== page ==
- [Using Wang's approach to get at the teachings of Sakyamuni Gautama would be like analysing Hegal in an attempt to understand Sorcrates. This is why I'm sticking to Abhidhamma; its analogous to using Aristotle to understand Socrates. Nevertheless, his shit is tight.]
- "In my opinion, the critical program of the Faxiang School does not consist in their justification of the mind-only doctrine, or in their exposition of the eight-fold topology of consciousness, or in their account of the three categories of being. These themes are the common property of both Shelun and Faxiang schools. What distinguishes F. thought is its theory of legible form (akara) of an object of consciousness. The F. writers separate the legible form from its physical embodiments and identify it with the common characteristic discernible in all the species of the same genus." (10-1)
- On Derrida: "I was only interested in a parochial issue, that is, a comparison between the Buddhist conception of samata and Derrida's conception of the Same... No one else has developed a semiotics that is so reminiscent of the buddhist conception of samata, Barthes' notion of the floating signifier may invite a comparison with the Prajnaparamita notion of dharmas as mere names unsupportedby a fixed self-identical referent. Baudrillard's notion of hyperreality shows a strong tendencyof idealism and can be intelligibly related to the Sautrantika..."(12)
- "...I am of the opinion that Gashe' is nearer the mark in recognizing deconstruction as a middle ground between metaphysics and anti-metaphysics." (13) [but this makes no sense. meta-physics is already an opposition to physics, an exteriority. What would be the "anti" of that already "outside" except something else that is already outside. the middle ground may be the skin of the argument, but if it partakes of measurable quantities is physics. If it is beyond the scope of empirical research its metaphysics. End of story. If there is no inside and no outside nor neither nor, then you are dwelling in Buddhism and Derrida. If you are deconstructing the notion of exteriority to physics and interiority then you are not left with a middle ground to stand upon, for the system has been exploded.]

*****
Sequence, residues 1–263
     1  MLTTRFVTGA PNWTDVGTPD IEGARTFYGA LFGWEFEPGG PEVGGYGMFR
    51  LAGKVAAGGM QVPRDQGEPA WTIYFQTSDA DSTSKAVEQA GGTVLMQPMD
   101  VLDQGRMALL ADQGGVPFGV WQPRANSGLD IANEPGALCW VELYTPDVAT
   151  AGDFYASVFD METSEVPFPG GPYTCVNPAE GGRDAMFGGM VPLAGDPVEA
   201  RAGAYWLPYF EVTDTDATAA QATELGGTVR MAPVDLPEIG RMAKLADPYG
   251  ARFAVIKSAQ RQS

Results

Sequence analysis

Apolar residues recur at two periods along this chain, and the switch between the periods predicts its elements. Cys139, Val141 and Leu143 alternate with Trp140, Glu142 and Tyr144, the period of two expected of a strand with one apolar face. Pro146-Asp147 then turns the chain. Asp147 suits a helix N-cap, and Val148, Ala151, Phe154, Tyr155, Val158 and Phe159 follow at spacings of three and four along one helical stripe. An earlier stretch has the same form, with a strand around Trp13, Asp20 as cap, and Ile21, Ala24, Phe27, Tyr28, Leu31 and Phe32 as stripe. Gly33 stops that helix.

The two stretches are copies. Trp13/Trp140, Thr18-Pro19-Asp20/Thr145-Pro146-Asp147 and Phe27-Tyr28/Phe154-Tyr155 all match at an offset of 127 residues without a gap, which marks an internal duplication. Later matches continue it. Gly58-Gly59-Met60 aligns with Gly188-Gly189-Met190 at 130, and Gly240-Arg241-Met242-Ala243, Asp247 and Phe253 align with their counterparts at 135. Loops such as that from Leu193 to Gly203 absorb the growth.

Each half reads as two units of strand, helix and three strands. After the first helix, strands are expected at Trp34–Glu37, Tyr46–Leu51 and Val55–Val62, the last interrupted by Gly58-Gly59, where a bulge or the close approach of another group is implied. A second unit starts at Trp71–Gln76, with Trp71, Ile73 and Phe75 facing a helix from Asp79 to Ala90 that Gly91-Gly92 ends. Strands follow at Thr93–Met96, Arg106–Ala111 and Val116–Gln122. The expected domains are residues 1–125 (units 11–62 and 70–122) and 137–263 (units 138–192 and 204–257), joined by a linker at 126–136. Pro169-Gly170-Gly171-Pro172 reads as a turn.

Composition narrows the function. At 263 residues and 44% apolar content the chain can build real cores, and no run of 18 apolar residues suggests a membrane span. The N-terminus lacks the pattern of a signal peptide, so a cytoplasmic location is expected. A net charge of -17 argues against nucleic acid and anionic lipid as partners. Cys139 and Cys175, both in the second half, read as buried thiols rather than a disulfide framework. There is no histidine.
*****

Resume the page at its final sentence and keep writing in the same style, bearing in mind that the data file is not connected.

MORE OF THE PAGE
- "Like the Mahayana Buddhist philosophers who criticize the Hinayana as well as the Tirthikas for their failure to understand the notion of the true sign of all dharmas, Derrida criticizes Western metaphysics... for their failure to understand the question of the sign... For Derrida, differance is neither a thing nor a concept, but the irreducable movement that transcends both presence and absence. A close look at derrida's differance echoes the Madhyamaka theme of 'eight negations' which, according to Kumararajiva, sumarize the notion of the true sign of all dharmas." (13)
- "In Buddhism, the Eight Negations reject the binary relations of identity and difference, and emphasize the tendency of the sign to pass over to its other. Thus binary oppositions--such as those between masculine and feminine, life and death, etc.--are to be dissolved in this movement towards the other... It expresses the truth of the Same (samata) and suchness (tathata) and yet refuses to be taken in hand. Likewise in Derrida's deconstruction, the trace of the other is the most original movement in terms of either presence or absence, identity or difference. It is the ideality of the Same that allows the sign to function" (14) [dude's talking about Ideal signs in Derrida... I don't think that's correct interpretation]